I try to run like Bird played basketball. I run with my heart, and I run hard. I'm not nearly as good at running as Bird was at basketball, but Bird had a mental edge that inspires me. I may not be elite fast--I never will be--my VO2 max might not be otherworldly (though I've never had it measured), and I might have only a limited number of fast-twitch fibers, but what I do have is intense focus and the will to work hard and then harder.

It wasn't always that way. When I was kid, I was timid, weak and anything but competitive. When I ran cross-country, I didn't run hard. I just ran without really caring much about where I finished, how fast I went and who I beat.

Things changed when I left cross-country behind and went out for the varsity football team, wanting to be like my big brother who was an excellent football player. There was this senior on our team who was a bully and really piled on the younger players like me. He took cheap shots at us and was really just a bad guy. He ridiculed a lot of the young players--including me--and no one stood up to him. Not even the seniors. This only empowered him to be more aggressive.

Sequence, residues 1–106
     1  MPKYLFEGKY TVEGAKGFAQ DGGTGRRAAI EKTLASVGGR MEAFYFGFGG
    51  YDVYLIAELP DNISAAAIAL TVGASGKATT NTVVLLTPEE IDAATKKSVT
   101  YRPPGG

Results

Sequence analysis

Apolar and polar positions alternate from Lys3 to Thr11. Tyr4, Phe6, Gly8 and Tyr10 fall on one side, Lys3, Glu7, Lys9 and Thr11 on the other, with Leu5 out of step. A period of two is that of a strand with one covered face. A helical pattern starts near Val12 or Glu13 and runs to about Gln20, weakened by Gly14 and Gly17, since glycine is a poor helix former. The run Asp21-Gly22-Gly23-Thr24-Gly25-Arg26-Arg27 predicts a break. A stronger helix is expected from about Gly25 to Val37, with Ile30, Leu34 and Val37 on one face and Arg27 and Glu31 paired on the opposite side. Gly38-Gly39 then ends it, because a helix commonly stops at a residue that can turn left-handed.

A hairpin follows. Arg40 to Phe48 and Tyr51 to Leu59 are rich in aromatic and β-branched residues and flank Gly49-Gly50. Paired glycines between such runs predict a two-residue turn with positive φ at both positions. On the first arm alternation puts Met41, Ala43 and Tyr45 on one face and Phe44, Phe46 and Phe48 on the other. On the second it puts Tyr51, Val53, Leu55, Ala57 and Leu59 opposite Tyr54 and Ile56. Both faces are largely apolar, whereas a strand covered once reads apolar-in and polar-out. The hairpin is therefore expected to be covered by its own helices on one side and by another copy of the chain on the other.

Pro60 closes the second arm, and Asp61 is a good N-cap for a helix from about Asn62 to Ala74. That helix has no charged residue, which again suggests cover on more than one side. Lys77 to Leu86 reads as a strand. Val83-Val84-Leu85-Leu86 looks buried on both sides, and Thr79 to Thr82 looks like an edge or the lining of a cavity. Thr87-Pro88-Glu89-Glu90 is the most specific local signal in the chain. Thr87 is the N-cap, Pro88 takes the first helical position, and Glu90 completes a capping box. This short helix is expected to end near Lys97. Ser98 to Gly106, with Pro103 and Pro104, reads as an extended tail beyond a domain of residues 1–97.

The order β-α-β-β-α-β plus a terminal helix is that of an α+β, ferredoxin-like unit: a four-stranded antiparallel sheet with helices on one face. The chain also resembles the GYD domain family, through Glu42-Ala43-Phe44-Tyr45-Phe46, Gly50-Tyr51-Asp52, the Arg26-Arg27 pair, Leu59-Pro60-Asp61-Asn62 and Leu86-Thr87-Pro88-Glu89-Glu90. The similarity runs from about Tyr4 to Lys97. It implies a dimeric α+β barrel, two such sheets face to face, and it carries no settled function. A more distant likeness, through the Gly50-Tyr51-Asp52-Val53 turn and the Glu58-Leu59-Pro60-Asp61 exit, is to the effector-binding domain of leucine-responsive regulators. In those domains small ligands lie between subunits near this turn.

One day in practice I was at linebacker and he was on the offensive line. I was still learning so much about the game and the contact aspect intimidated me. Oklahoma drills had been nearly terrifying for me. He'd been doing his usual that day--hammering on the young guys like me and taunting us as well. I took it without really fighting back--as I'd always done. Finally, after he put a few nasty licks on me, I just got pissed off--not sure what exactly sent me over the edge--and went after him on the next play. I didn't knock him on his ass, but I sure hit him hard enough to send the message that I wasn't his victim. I wasn't anyone else's victim, either. I went hard from that day forward.